Image Credit: Gary Bernon, USDA APHIS
Researchers with the University of Maryland College of Agriculture and Natural Resources (AGNR) and College of Computer, Mathematical and Natural Sciences (CMNS) are part of a multi-state team planning a strategic defense against the invasive and destructive brown marmorated stink bug, known as the BMSB. Their findings regarding this particularly pungent pest that caused a catastrophic loss of crops throughout most mid-Atlantic states in 2010, are now being made available online.
Cerruti Hooks, an integrated pest management and biological control specialist for University of Maryland Extension (UME) and entomology professor, is serving as one of 11 co-directors for the project, which is funded through the United States Department of Agriculture’s (USDA) Specialty Crop Research Initiative. In total, more than 50 researchers are involved from ten institutions across the United States, including 18 from the University of Maryland. Their goal is to study and monitor the BMSB and its natural enemies (predators and parasitic wasps) from all angles in order to develop a strategy to minimize its impact on crops and farmers’ livelihoods.
The BMSB was accidentally imported from Asia to North America in the late 1990s and with few known natural enemies in this country, quickly became a nuisance inside homes, office buildings and warehouses. Although the insect doesn’t bite humans, it lays hundreds of eggs during its lifetime and is particularly dangerous because of the fact that it will feed on almost anything. Researchers have identified more than 300 plant species that are susceptible to the BMSB. “It can just move from forest to fruit to vegetable to field crops, even corn. It loves sweet corn,” said Hooks, Ph.D.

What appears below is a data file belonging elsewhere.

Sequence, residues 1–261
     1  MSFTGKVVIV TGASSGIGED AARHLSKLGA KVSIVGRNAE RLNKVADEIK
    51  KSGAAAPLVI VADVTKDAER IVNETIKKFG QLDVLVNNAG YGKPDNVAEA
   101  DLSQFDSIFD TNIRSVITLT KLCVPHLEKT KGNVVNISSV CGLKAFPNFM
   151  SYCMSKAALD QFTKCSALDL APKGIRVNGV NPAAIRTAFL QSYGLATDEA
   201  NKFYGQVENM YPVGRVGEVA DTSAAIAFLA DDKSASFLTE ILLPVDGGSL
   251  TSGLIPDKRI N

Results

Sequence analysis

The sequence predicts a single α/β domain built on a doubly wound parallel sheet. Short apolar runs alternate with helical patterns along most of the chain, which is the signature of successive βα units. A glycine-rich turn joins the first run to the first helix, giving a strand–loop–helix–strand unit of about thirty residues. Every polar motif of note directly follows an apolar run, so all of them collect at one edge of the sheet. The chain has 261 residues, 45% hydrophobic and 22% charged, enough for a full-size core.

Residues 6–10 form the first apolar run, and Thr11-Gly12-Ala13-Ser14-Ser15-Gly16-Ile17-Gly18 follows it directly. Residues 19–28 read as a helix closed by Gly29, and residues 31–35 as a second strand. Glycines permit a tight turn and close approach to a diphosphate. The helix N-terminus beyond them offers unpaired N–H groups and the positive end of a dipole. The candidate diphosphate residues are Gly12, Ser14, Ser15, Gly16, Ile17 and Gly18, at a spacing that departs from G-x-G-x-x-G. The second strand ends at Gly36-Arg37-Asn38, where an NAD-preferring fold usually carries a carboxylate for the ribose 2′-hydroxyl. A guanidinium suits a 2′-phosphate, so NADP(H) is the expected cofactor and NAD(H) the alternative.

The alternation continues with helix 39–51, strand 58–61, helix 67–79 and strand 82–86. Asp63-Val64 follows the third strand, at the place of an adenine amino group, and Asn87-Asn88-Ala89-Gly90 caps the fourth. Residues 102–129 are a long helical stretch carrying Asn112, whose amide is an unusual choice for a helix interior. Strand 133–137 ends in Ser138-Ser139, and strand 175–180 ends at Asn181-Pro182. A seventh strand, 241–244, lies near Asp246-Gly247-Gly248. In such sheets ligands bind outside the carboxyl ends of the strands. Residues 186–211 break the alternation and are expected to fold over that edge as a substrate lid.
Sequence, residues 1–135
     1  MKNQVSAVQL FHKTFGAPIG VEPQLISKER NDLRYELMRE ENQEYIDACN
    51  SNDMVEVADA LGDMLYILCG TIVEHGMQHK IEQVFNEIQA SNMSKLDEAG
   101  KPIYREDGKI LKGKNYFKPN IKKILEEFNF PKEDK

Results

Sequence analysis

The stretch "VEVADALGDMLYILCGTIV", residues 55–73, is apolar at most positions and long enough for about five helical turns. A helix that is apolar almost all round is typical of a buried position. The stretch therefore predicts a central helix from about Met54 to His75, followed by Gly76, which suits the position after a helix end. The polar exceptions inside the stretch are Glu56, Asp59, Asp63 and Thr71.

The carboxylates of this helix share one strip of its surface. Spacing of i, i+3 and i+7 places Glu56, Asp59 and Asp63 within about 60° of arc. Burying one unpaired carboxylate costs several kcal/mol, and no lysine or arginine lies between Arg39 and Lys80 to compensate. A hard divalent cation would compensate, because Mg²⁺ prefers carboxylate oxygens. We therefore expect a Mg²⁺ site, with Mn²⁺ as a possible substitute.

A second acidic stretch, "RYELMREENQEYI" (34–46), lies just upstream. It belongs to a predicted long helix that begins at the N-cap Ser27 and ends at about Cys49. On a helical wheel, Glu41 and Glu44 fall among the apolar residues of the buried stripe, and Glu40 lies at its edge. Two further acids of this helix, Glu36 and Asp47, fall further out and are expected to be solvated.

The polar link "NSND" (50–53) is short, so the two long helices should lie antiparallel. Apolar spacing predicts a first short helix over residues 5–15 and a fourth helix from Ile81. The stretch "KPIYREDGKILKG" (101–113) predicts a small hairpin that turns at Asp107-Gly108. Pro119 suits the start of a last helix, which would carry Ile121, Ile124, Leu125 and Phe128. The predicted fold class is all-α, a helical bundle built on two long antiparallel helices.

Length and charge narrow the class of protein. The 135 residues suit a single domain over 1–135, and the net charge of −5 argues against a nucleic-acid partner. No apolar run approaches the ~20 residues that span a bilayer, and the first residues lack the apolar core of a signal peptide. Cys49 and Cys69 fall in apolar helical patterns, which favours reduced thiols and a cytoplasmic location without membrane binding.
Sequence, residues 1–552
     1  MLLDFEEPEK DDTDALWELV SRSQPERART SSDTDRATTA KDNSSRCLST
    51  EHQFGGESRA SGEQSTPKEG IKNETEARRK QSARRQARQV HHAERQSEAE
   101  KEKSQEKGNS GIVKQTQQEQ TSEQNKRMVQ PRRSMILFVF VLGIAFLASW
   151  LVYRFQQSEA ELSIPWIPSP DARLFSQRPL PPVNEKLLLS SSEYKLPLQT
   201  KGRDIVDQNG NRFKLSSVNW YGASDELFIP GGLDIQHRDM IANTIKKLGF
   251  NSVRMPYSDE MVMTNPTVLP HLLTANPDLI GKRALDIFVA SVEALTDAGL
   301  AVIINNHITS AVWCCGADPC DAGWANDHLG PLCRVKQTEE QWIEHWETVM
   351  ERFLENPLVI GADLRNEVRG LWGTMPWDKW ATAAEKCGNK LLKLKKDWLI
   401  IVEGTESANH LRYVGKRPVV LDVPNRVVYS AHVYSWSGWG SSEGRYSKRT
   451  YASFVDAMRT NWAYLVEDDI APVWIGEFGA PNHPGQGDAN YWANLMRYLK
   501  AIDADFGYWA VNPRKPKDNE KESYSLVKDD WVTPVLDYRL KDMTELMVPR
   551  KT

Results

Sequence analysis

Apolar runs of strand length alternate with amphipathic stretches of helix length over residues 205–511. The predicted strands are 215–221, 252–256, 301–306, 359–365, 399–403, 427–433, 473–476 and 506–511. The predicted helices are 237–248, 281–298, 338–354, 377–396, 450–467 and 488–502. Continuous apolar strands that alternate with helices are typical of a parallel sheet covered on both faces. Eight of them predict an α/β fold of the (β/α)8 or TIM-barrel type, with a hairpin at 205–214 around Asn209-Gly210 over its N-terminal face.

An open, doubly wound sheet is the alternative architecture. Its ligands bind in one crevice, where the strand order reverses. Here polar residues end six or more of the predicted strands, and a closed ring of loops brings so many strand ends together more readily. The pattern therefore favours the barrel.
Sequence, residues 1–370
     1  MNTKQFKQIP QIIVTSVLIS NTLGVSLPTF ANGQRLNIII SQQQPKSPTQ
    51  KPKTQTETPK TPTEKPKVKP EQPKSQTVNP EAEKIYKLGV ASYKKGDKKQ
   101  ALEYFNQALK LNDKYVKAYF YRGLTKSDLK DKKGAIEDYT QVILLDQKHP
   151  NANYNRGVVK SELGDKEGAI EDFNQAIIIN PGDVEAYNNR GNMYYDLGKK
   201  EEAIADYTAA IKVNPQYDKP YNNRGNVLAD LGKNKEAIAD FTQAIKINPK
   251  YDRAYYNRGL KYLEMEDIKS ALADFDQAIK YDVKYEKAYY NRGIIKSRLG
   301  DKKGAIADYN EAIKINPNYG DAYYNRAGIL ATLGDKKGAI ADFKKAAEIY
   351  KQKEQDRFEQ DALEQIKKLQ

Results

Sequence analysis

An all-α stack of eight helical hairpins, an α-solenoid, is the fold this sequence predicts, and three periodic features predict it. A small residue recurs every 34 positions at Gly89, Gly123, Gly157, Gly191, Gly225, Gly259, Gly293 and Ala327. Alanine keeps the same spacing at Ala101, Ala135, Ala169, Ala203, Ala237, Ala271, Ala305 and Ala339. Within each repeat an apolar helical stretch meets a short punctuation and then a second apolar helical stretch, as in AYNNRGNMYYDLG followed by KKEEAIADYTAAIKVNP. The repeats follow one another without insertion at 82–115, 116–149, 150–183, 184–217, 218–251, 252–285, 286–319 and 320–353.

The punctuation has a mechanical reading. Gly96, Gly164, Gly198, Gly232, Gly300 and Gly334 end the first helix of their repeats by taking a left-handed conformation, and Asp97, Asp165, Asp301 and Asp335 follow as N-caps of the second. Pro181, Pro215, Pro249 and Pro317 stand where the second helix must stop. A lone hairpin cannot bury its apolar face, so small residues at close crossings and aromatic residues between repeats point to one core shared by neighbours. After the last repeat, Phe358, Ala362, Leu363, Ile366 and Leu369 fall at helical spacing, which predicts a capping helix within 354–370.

The invader caused the most significant damage in 2010, with some growers of sweet corn, peppers, tomatoes, apples, and peaches reporting total crop losses that year - organic growers among the hardest hit.
In 2011 and so far in 2012, reported numbers of the BMSB in Maryland have been comparatively low, Hooks said, but some Western areas of the state and pockets of Howard County are still dealing with heavy volumes. Researchers aren’t yet sure whether the drought and extremely hot summer temperatures are affecting the BMSB population or if natural enemies are finally adapting to the new species.
Still, Hooks says it’s too early to call the pest “controlled” and that Maryland could possibly see a spike during the fall harvest. “They may try to get that last feeding in before turning in for the winter,” he said.
And make no mistake— while the BMSB may not be as noticeable as it was two years ago, it is by no means extinct and homeowners should expect to see the smelly suckers sneaking their way inside as the weather turns colder. (For tips on how to keep them out, check out this video provided by UME’s Mike Raupp, a.k.a. “The Bug Guy.”)
As for the future of the BMSB in Maryland and across the country, Hooks was told by one of his colleagues outside of UMD that these kinds of BMSB infestations occur every three years— meaning the next big BMSB invasion could be coming in 2013. “We’ll see what happens,” he said.
The USDA-funded BMSB research project will continue for at least another year. Updated findings will be posted to the group’s website at www.stopbmsb.org.
For more information, contact Sara Gavin at 301-405-9235 or email@example.com.